Tony Robbins has the ability to captivate and motivate through his writing and speaking as few others can. He’s built significant wealth in his own life and has access to some of the best money minds around.
His new book Money: Master The Game shares his process for achieving financial freedom in today’s world. At over 600 pages there was A LOT of good information. This collection of 10 tips represents the best money advice Tony Robbins had to offer in Money: Master The Game.
Tony Robbins Money: Master The Game Book Summary
#1. Your Savings Rate Is The Most Important Decision Of Your Financial Life
“As you can see, the “machine” can’t start working until you make the most important financial decision of your life. The decision? What portion of your paycheck you get to keep. How much will you pay yourself—off the top, before you spend a single dollar on your day-to-day living expenses? How much of your paycheck can you (or, more importantly, will you) leave untouched, no matter what else is going on in your life? I really want you to think about this number because the rest of your life will be determined by your decision to keep a percentage of your income today in order to always have money for yourself in your future.”
What it really all comes down to is how much you choose to save. That is how much of your income you put away month-after-month. This is the most important decision you’ll make.
#2. Money Plays An Important Role In Your Life
“Whether we let money control us, or whether we take control of it.”
I enjoyed what Tony had to say on the role money plans in one’s life. Being good with money has A LOT of benefits. So, it’s important to take the time to master it.
#3. Look For Small Risks For Big Rewards
The goal for an investor is to take the smallest risk possible and earn the highest possible reward. Tony talks a lot about how the best investors in the world take the above concept, also known as asymmetric risk/reward, and use it to their advantage.
Tony had this to say about Paul Tudor Jones, a billionaire hedge fund manager:
“One of Paul Tudor Jones’s greatest successes is that he knows he can be wrong and still be successful because he uses asymmetric risk/reward to guide his investment decisions. He’s always looking for what he calls a 5:1 investment—where if he risks $1, he believes he can make $5.”
As I’m a very passive investor, not trying to beat the market, I find this lesson more applicable to business strategy. For example, I like the story Tim Ferriss shares about how he decided to start his podcast. Instead of committing long-term to run a podcast, Ferriss decided to record six episodes. By committing to six episodes, the worst-case scenario or “risk” was having a few conversations with friends and learning a new skill (interviewing/podcasting)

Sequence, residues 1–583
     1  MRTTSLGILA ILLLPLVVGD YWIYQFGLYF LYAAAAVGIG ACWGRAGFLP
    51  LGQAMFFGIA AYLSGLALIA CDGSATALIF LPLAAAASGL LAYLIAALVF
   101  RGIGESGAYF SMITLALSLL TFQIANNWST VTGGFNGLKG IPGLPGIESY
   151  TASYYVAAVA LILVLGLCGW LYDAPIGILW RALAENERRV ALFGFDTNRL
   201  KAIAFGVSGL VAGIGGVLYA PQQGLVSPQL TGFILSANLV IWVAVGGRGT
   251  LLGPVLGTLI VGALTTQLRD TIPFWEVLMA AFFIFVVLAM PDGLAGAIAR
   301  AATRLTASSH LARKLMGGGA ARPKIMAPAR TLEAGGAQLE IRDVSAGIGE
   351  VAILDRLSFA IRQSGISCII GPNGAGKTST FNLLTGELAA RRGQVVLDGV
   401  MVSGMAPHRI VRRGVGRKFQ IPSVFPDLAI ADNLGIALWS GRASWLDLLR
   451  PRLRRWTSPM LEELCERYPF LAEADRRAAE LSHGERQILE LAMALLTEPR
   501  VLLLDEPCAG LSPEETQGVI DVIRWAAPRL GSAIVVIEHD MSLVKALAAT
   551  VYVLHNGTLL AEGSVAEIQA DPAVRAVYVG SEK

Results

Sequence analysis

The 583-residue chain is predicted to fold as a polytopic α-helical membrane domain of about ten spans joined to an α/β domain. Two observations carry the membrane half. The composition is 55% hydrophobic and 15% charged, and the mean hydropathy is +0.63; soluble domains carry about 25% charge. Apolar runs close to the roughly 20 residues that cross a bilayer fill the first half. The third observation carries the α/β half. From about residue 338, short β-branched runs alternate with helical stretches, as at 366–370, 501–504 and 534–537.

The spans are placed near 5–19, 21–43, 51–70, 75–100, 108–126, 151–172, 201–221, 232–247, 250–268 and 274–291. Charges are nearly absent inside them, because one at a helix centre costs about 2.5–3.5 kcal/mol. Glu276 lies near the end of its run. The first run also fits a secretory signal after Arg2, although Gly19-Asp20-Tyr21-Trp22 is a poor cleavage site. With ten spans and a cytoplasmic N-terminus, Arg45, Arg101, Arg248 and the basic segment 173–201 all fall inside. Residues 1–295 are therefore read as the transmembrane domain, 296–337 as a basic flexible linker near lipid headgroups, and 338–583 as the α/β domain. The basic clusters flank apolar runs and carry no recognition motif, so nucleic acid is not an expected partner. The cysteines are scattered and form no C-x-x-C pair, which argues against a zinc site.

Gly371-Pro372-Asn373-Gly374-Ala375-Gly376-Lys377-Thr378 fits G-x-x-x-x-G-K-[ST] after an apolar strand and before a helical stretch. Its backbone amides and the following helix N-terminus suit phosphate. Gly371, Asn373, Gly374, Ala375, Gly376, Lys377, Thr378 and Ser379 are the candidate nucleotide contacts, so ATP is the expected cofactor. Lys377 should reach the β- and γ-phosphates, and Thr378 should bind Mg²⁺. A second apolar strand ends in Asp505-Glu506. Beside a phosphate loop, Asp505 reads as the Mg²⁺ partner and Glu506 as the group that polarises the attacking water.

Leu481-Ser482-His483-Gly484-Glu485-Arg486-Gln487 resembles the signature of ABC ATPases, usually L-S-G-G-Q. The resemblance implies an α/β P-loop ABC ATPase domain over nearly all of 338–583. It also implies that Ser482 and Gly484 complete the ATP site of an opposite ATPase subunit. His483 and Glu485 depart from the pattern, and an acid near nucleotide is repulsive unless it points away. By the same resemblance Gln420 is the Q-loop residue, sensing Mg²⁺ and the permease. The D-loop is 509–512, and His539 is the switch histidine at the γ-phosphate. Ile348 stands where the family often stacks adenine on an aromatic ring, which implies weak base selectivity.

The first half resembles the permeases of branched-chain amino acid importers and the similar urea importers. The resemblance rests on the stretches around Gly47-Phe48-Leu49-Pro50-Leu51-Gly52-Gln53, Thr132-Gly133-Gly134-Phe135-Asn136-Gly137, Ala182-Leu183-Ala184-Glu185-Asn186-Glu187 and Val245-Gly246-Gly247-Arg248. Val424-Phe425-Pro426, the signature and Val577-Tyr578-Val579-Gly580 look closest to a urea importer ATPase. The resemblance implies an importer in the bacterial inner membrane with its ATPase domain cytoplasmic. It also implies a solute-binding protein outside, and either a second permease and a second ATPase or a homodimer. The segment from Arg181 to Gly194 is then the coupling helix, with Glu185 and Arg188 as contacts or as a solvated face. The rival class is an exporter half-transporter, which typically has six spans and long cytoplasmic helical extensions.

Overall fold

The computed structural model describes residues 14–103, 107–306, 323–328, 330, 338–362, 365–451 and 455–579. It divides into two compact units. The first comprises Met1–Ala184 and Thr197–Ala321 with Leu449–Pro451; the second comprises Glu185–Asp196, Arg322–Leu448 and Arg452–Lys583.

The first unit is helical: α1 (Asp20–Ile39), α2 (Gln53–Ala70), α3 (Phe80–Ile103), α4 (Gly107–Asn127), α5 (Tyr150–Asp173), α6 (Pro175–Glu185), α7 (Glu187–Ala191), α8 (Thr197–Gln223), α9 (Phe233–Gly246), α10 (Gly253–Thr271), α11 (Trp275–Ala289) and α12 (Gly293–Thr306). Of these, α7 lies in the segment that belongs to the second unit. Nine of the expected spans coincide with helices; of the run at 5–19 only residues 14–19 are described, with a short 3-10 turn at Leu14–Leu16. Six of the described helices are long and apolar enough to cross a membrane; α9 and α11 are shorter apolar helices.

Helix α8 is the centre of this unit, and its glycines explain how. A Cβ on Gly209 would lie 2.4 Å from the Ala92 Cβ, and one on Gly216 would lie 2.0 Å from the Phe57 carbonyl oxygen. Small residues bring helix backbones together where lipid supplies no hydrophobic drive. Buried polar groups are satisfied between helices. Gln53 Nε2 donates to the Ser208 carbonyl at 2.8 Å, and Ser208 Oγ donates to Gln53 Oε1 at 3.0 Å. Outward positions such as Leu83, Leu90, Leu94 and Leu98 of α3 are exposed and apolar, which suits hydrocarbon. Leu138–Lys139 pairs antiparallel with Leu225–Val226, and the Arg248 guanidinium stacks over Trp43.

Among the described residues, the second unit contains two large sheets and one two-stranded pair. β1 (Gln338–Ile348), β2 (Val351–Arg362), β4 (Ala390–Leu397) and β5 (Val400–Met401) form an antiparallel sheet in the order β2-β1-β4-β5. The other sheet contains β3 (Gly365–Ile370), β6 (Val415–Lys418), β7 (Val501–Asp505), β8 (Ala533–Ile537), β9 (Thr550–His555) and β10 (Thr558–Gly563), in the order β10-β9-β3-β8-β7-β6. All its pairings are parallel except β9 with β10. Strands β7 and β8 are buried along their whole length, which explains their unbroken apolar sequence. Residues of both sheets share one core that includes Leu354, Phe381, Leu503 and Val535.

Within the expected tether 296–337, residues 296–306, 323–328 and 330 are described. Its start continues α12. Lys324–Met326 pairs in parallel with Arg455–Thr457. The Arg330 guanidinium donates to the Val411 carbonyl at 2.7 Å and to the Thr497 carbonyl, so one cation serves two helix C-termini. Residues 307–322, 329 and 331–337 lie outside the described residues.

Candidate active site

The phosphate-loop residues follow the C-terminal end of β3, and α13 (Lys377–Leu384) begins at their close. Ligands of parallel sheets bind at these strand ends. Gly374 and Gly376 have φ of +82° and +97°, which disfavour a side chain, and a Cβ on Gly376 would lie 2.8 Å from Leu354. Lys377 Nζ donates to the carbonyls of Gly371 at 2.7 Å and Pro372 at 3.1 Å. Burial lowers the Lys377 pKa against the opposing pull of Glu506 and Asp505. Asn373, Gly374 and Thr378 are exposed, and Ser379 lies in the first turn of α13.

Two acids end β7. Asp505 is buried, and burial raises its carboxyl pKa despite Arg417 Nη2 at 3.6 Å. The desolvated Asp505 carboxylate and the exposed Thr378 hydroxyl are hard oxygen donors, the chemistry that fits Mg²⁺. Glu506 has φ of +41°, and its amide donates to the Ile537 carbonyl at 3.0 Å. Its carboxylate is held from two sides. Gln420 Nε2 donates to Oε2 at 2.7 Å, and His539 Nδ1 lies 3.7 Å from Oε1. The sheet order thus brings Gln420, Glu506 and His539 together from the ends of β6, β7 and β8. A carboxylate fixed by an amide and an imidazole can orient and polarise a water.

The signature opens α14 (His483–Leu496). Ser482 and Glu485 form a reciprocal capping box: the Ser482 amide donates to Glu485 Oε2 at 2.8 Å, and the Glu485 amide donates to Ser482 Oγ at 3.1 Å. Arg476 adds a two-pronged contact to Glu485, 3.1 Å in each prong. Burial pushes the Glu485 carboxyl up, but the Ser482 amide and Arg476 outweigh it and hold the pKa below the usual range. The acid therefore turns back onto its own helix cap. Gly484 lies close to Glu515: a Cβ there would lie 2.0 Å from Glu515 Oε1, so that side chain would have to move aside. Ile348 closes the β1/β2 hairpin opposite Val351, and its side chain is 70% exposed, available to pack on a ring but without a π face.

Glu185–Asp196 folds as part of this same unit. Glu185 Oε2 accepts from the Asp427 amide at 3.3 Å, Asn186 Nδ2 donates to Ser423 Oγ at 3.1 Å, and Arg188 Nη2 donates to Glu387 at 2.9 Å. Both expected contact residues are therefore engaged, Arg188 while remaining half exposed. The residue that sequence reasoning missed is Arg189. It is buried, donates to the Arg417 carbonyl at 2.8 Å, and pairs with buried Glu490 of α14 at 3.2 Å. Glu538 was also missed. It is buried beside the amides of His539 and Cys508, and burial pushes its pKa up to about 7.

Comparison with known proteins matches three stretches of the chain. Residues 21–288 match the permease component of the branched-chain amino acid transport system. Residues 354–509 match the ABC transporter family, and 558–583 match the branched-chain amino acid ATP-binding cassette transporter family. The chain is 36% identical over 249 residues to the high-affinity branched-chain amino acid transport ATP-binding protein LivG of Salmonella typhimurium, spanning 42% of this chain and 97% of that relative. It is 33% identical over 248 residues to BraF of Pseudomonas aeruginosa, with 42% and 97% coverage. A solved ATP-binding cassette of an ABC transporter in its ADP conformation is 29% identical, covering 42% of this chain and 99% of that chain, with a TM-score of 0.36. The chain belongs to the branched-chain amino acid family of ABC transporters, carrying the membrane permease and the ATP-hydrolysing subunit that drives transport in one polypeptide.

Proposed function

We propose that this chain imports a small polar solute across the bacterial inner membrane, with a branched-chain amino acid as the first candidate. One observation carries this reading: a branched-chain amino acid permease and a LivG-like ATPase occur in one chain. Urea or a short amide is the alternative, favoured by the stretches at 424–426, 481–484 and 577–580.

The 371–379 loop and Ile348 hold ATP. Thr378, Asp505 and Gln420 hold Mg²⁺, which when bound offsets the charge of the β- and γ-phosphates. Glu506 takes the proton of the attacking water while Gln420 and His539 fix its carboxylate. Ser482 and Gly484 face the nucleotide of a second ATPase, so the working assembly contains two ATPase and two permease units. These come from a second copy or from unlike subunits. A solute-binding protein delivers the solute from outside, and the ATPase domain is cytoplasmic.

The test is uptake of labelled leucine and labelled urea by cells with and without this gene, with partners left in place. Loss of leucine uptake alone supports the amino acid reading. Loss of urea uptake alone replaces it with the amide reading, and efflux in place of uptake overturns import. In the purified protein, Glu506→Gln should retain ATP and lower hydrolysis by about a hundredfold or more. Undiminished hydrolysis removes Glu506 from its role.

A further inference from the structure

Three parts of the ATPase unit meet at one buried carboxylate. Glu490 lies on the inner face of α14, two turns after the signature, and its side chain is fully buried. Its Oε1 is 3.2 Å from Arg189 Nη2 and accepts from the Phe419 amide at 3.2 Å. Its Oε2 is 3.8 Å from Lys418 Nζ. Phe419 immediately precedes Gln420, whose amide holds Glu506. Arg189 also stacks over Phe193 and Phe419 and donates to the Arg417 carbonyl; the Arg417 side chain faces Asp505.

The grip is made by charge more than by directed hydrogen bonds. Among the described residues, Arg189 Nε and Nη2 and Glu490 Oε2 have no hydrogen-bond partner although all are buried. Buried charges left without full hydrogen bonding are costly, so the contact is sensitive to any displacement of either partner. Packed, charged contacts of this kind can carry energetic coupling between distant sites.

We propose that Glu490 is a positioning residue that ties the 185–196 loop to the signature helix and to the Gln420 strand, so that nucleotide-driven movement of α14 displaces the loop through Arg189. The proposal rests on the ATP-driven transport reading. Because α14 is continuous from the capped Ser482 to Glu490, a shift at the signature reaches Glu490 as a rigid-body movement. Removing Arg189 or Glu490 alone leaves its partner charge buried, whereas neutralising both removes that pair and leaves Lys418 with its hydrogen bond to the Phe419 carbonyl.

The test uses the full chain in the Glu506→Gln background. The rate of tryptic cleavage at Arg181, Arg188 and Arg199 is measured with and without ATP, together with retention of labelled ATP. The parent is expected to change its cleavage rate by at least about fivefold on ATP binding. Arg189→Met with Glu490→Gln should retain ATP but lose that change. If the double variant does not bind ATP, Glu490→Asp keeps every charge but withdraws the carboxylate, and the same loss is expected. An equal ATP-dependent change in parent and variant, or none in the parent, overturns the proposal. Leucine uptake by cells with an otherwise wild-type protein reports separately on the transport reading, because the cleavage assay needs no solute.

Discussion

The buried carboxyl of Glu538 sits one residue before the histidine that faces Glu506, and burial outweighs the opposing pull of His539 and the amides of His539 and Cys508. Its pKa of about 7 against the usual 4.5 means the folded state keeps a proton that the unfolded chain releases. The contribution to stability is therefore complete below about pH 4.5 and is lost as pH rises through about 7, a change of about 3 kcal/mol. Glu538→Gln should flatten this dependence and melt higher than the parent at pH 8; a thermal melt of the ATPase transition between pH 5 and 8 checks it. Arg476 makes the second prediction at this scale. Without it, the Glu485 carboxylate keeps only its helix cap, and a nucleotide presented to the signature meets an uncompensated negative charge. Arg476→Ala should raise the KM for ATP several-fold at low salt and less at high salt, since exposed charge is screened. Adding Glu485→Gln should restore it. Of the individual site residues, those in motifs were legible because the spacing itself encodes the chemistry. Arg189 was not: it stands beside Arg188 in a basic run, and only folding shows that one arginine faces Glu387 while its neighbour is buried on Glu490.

In a book I’m reading now Expert Secrets, it tells the story of an entrepreneur who wanted to learn how to dunk a basketball. So, he recorded some YouTube videos of his progress It turns out his YouTube videos were a big hit. Many people wanted to learn how to increase their vertical. A few years later, these YouTube videos turned into a million dollar business.
The “risk” to identify a market was very small — the time it took to record and publish a handful of videos. However, the rewards have proven to be quite large.
When I look back over my own life, a lot of good things happened when I took “small” risks. For example, I look at the decision to start this blog. The monetary risk was quite small. While I invested my time before the site was profitable, the entire time I was learning, growing, and adding valuable skills.
Looking at the decision from this point of view, the risk was a few dollars a month and around 10 hours a week.
Not bad, right?
If you’re interested in learning how to start your own blog, sign up for my free course titled “How to Make Your First $1,000 Blogging.” It coves everything from the basics to advanced monetization strategies (including the tips and tricks I wish I had known when I was just starting out).
#4. Take Advantage of Compounding
“What’s the biggest misstep most of us make right from the start? Malkiel didn’t even hesitate when I asked him. He said the majority of investors fail to take full advantage of the incredible power of compounding—the multiplying power of growth times growth.”
It’s cliche in the personal finance space to talk about the power of compound interest. But while it’s a cliche–it doesn’t change that when you start investing matters.